|Christopher Gabriel, BS||University of California, Irvine School of Medicine, Irvine, California|
|Jeffrey R. Suchard, MD||University of California Irvine Medical Center, Department of Emergency Medicine, Orange, California|
A 52-year-old man with prostatic hyperplasia presented to the emergency department with complaints of lower abdominal pain worsening over three days and inability to urinate. Abdominal examination revealed a protuberant, distended bladder (Image 1). A Foley catheter was inserted, with immediate return of clear urine (Image 2) and relief of the patient’s pain. Over two liters of urine were drained initially, and the urine collection bag was subsequently emptied. Three hours after catheterization, gross hematuria was evident (Image 3).
Urinary outlet obstruction is commonly treated by insertion of a Foley catheter, allowing drainage of the distended bladder. Previous recommendations have suggested gradual drainage of an obstructed bladder, for instance by intermittent catheter clamping, to avoid complications of hematuria, hypotension, and post-obstructive diuresis, although the value of this practice is debatable.1,2 Hematuria occurs in 2–16% of patients following quick, complete relief of urinary obstruction.1 A randomized, controlled study of 294 patients found no significant difference in the incidence of hematuria following rapid vs. gradual bladder emptying (10.5% and 11.3% respectively).2 Even when hematuria occurs following bladder decompression, it is typically benign and self-limited.
A systematic literature review of related studies published from 1920 to 1997 found no cases of hematuria severe enough to necessitate further invasive therapy, such as bladder irrigation or blood transfusion.1 However, a 2012 case report details a rare patient with severe hematuria following rapid bladder decompression.3 The hematuria resulted in worsening anemia (hemoglobin decreased from 9.5 to 7.8 g/dL) and oliguria due to bilateral ureteral thrombus formation; this patient was transfused blood and underwent bladder irrigation, cystoscopy, and percutaneous nephrostomy. Although complications of rapid bladder decompression can occur very rarely, evidence from literature reviews and controlled trials supports rapid and complete emptying of the obstructed urinary bladder.1,2
What do we already know about this clinical entity?
Traditional warnings against rapid bladder decompression may prolong definitive care in the ED and result in use of additional resources.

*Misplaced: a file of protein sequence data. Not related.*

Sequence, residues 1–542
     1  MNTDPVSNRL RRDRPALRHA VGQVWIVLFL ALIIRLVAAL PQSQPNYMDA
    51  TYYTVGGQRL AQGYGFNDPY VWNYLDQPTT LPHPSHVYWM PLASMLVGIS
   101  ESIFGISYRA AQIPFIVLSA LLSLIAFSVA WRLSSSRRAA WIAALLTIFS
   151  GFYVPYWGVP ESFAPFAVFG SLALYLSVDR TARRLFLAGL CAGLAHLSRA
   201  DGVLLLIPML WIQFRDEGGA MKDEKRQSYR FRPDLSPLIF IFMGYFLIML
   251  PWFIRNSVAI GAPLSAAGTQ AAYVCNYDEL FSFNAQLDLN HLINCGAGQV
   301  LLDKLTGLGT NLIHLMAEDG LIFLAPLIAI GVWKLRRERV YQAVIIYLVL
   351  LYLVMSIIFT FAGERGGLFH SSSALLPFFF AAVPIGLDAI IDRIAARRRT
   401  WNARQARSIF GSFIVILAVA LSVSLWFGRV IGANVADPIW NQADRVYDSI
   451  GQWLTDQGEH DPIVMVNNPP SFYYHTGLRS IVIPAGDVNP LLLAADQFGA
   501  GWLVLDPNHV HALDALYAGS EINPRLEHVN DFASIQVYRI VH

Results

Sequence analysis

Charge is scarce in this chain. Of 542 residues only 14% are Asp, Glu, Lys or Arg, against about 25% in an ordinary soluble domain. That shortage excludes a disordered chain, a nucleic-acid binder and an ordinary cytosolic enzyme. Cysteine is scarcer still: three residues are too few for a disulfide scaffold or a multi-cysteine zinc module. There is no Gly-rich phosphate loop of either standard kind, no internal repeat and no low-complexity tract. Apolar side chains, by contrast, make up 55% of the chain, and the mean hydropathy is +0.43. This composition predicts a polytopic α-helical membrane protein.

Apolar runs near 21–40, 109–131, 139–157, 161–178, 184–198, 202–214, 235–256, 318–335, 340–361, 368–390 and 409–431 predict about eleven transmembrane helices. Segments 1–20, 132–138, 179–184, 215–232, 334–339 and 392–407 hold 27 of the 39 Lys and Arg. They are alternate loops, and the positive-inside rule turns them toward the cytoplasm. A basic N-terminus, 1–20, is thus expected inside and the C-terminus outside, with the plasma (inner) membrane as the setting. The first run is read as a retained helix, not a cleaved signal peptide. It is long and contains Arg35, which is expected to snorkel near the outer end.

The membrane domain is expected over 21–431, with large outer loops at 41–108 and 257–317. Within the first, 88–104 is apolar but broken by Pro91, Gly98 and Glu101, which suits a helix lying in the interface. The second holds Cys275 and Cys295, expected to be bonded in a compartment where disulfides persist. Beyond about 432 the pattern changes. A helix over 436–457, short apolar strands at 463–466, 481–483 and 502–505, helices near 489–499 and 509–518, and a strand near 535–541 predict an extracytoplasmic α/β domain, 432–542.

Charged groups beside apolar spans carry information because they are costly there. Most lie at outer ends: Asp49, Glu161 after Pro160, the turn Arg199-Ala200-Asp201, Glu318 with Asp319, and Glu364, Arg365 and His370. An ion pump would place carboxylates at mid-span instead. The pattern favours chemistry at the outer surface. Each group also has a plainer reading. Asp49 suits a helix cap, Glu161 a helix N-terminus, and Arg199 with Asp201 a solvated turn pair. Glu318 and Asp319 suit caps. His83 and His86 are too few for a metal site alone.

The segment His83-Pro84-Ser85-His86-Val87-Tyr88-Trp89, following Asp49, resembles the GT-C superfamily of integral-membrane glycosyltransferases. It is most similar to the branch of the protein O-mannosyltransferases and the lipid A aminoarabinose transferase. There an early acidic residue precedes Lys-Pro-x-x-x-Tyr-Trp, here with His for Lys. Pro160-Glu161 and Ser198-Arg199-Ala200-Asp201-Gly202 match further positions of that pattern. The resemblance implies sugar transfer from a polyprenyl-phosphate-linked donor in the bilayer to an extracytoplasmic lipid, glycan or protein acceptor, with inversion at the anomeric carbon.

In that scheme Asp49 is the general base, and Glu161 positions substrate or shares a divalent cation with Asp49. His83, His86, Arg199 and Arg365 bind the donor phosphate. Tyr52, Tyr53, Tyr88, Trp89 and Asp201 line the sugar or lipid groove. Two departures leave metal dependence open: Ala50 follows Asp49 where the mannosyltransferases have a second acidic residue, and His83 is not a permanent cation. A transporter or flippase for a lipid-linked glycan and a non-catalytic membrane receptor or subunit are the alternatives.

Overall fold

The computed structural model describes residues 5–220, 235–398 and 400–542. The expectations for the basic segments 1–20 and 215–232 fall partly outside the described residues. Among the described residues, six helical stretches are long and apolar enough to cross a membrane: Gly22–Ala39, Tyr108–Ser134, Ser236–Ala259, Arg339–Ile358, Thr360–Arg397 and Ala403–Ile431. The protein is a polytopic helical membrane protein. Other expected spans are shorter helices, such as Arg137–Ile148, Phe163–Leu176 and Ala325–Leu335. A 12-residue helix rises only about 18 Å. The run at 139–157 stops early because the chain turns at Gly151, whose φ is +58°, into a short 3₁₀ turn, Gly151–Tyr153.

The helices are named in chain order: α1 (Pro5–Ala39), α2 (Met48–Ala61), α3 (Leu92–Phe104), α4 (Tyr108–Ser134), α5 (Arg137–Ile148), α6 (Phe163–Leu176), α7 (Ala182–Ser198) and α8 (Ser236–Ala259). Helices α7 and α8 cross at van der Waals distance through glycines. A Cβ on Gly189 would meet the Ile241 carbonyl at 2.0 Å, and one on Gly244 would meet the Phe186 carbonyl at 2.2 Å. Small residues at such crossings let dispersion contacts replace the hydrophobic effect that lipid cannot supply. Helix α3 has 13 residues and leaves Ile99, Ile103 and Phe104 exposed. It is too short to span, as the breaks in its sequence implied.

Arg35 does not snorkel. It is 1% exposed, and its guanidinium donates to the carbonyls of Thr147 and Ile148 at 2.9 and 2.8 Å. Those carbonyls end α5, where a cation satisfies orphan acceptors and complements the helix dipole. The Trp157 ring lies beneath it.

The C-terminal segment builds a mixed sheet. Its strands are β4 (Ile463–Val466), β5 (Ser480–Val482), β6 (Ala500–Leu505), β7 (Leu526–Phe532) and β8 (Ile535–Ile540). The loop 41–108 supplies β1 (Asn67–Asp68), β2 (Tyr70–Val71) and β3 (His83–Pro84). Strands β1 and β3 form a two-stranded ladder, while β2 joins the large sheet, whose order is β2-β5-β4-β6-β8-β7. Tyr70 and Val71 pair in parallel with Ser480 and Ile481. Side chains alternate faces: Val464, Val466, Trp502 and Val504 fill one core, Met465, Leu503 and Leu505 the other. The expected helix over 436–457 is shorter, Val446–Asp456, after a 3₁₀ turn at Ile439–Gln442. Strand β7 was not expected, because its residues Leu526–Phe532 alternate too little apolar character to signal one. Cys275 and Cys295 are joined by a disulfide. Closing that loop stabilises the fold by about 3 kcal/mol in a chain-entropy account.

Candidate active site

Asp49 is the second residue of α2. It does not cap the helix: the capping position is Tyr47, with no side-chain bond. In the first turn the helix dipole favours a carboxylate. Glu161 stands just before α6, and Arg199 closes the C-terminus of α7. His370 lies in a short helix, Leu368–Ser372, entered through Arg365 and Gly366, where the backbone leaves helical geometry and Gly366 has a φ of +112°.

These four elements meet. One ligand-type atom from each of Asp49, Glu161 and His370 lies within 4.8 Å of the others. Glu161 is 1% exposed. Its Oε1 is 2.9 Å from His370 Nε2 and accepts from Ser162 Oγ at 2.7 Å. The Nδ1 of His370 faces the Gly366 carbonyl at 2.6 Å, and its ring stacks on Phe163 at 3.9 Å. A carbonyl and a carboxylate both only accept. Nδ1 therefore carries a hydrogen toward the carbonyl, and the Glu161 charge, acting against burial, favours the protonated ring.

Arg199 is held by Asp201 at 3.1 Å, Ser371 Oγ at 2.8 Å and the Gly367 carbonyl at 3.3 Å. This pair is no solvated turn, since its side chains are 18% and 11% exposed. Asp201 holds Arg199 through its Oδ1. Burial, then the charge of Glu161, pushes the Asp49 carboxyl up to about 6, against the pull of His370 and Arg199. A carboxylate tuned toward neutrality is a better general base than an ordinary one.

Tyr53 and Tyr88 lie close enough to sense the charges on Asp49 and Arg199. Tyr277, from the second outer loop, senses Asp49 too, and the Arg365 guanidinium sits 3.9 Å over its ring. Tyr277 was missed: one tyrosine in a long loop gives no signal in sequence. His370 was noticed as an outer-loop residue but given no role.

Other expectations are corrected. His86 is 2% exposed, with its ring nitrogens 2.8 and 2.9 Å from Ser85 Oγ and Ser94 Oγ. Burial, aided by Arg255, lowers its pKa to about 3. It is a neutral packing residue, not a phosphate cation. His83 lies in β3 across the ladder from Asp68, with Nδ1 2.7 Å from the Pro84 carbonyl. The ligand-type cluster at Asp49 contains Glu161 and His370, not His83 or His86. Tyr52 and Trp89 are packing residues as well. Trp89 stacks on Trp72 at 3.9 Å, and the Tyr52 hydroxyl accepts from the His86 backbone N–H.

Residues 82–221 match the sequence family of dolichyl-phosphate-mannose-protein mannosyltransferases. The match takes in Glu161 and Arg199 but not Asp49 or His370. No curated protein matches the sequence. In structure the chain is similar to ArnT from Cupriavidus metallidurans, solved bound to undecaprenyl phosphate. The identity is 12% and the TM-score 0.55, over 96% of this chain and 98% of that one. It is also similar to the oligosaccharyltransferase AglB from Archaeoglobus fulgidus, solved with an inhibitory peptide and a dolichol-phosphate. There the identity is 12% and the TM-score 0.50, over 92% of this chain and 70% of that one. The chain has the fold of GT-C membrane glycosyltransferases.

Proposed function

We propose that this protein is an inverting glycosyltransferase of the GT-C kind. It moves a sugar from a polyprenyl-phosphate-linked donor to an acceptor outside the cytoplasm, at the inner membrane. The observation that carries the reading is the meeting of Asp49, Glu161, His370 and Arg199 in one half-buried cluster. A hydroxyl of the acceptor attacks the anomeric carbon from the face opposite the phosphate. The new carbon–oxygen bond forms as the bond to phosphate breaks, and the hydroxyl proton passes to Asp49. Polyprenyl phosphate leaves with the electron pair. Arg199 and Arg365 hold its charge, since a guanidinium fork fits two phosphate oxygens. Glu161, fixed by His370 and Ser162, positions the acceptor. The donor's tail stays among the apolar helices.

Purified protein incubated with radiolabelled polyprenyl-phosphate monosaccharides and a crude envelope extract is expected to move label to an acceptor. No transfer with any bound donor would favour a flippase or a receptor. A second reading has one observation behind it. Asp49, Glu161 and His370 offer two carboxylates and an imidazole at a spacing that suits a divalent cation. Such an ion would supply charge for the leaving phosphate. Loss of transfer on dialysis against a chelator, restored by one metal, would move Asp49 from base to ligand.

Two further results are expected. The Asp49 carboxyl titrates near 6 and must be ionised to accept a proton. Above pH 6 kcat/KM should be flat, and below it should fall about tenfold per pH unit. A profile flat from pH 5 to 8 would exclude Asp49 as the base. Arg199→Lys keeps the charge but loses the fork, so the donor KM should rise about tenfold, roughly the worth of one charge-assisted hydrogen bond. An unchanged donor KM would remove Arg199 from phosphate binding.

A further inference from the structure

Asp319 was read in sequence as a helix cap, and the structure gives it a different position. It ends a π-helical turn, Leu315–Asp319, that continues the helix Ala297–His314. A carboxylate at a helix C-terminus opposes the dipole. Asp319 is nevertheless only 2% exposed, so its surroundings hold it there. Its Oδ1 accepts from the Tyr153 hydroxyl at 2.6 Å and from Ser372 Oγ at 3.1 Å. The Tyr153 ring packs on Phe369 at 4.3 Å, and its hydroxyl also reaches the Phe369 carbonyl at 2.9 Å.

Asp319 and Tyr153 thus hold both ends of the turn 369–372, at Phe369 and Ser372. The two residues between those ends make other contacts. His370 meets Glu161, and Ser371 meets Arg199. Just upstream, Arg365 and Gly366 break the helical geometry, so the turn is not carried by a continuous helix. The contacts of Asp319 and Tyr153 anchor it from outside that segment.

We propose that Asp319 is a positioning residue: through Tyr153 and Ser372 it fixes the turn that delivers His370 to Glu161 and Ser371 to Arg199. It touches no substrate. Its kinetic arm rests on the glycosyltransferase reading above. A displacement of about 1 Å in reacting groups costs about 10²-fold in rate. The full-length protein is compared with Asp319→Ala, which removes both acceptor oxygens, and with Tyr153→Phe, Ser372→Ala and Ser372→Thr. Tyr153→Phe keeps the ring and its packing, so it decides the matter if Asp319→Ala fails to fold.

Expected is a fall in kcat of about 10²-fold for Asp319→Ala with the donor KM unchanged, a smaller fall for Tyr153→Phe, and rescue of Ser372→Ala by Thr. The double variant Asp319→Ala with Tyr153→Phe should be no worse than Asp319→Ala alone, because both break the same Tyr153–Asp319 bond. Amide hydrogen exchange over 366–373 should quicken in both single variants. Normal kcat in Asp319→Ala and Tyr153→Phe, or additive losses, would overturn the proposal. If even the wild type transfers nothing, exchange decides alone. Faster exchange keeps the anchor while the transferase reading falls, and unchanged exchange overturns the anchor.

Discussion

What is the major impact of the image(s)?
Hematuria is demonstrated after bladder decompression, although the patient suffered no adverse complications.
How might this improve emergency medicine practice?
Despite the possibility of hematuria, ED patients with bladder outlet obstruction can be rapidly decompressed with low risk of serious sequelae.
Section Editor: Rick A. McPheeters, DO
Full text available through open access at http://escholarship.org/uc/uciem_cpcem
Address for Correspondence: Christopher Gabriel, BS, University of California, Irvine School of Medicine, 204 40th Street Apartment B, Newport Beach, CA 92663. Email: firstname.lastname@example.org. 1:443 – 445
Submission history: Revision received July 26, 2017; Submitted August 29, 2017; Accepted September 6, 2017
Conflicts of Interest: By the CPC-EM article submission agreement, all authors are required to disclose all affiliations, funding sources and financial or management relationships that could be perceived as potential sources of bias. The authors disclosed none.
1. Nyman MA, Schwenk NM, Silverstein MD. Management of urinary retention: rapid versus gradual decompression and risk of complications. Mayo Clin Proc. 1997;72(10):951-6.
2. Boettcher S, Brandt AS, Roth S, et al. Urinary retention: benefit of gradual bladder decompression – myth or truth? A randomized controlled trial. Urol Int. 2013;91(2):140-4.
3. Naranji I, Bolgeri M. Significant upper urinary tract hematuria as a rare complication of high-pressure chronic retention of urine following decompression: a case report. J Med Case Rep. 2012;6:254.